Proliferative enteropathy: a global enteric disease of pigs caused by Lawsonia intracellularis

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2005-12-01
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Kroll, Jeremy
Roof, Michael
Hoffman, Lorraine
Harris, D.L.
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Dickson, James
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Animal Science

The Department of Animal Science originally concerned itself with teaching the selection, breeding, feeding and care of livestock. Today it continues this study of the symbiotic relationship between animals and humans, with practical focuses on agribusiness, science, and animal management.

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The Department of Animal Husbandry was established in 1898. The name of the department was changed to the Department of Animal Science in 1962. The Department of Poultry Science was merged into the department in 1971.

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Proliferative enteropathy (PE; ileitis) is a common intestinal disease affecting susceptible pigs raised under various management systems around the world. Major developments in the understanding of PE and its causative agent, Lawsonia intracellularis, have occurred that have led to advances in the detection of this disease and methods to control and prevent it. Diagnostic tools that have improved overall detection and early onset of PE in pigs include various serological and molecular-based assays. Histological tests such as immunohistochemistry continue to be the gold standard in confirming Lawsonia-specific lesions in pigs post mortem. Despite extreme difficulties in isolating L. intracellularis, innovations in the cultivation and the development of pure culture challenge models, have opened doors to better characterization of the pathogenesis of PE through in vivo and in vitro L. intracellularis–host interactions. Advancements in molecular research such as the genetic sequencing of the entire Lawsonia genome have provided ways to identify various immunogens, metabolic pathways and methods for understanding the epidemiology of this organism. The determinations of immunological responsiveness in pigs to virulent and attenuated isolates of L. intracellularis and identification of various immunogens have led to progress in vaccine development.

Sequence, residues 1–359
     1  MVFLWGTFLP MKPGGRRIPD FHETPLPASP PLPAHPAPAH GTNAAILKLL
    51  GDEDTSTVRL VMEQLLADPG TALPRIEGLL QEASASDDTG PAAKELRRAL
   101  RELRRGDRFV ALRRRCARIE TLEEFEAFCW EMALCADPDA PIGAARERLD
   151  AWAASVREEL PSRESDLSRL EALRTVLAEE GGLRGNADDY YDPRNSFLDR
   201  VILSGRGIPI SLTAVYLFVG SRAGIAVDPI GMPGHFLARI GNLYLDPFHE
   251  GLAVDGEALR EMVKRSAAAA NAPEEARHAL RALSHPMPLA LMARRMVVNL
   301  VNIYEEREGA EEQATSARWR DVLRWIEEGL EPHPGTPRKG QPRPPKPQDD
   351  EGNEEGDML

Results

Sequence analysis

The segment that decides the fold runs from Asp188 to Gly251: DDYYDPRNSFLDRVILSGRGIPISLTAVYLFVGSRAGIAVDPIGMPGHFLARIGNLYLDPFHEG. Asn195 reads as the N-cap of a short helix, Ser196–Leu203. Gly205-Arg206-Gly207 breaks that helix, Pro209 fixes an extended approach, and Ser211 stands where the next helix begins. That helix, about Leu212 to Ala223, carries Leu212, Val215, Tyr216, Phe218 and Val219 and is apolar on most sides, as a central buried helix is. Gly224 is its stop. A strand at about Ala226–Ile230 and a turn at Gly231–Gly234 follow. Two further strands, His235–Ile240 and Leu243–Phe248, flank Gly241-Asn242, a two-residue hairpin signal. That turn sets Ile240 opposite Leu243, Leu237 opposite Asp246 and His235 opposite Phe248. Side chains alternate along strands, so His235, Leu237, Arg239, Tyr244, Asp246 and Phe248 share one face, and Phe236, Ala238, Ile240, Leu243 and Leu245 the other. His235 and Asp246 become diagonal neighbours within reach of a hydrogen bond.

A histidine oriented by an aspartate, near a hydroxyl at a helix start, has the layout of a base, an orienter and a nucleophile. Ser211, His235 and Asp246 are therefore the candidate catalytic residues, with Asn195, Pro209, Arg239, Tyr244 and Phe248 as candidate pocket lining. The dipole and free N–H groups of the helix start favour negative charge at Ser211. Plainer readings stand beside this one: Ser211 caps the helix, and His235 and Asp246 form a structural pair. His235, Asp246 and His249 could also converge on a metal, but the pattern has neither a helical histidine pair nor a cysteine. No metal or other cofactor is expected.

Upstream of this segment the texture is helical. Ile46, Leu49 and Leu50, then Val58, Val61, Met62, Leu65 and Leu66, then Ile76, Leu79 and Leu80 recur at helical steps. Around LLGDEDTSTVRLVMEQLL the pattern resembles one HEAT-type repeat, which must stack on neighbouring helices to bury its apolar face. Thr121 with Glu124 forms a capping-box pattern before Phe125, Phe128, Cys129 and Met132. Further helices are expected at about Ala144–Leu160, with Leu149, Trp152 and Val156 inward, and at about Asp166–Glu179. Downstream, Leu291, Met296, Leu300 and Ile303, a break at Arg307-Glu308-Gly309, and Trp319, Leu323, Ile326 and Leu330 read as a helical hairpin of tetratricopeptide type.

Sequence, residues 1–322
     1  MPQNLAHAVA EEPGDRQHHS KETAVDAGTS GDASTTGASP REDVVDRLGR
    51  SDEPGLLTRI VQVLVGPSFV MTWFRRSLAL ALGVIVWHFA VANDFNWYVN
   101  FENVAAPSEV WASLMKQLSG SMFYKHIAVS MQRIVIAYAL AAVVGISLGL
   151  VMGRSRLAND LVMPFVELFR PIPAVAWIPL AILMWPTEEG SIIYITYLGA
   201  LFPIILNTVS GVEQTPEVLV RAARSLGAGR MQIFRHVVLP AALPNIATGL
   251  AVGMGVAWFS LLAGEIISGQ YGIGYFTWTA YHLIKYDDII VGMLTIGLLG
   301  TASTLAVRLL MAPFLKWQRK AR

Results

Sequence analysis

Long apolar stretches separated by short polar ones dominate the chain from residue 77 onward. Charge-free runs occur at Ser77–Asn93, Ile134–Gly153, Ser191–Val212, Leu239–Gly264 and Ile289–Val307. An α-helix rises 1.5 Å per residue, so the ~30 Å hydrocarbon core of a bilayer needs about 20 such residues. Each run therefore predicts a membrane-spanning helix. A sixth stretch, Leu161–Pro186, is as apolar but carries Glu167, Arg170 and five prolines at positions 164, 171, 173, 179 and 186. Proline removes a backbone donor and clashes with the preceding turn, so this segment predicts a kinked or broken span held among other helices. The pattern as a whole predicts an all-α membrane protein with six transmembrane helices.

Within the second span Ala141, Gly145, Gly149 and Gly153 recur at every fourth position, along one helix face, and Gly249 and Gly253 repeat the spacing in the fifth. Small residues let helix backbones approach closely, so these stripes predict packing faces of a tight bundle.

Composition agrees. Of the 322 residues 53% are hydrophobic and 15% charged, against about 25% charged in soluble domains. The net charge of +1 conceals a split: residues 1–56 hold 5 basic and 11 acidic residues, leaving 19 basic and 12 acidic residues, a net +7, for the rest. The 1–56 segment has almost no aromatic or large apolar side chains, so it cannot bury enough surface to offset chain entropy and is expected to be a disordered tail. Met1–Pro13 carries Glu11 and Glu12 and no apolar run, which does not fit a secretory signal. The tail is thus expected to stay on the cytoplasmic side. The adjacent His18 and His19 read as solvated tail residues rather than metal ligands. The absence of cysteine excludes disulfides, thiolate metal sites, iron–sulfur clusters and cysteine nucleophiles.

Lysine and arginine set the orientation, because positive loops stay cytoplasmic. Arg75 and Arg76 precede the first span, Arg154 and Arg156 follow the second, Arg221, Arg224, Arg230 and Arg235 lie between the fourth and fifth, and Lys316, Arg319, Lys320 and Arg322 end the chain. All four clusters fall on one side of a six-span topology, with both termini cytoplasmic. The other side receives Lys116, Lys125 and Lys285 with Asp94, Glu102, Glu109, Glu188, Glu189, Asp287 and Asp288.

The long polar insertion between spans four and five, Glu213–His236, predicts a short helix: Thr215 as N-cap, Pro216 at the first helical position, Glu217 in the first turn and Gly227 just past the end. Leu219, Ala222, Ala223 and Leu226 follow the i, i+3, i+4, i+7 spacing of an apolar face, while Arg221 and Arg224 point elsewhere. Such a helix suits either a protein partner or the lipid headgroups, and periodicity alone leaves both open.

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This article is from Animal Health Research Reviews 6 (2005): 173, doi:10.1079/AHR2005109. Posted with permission.

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Sat Jan 01 00:00:00 UTC 2005
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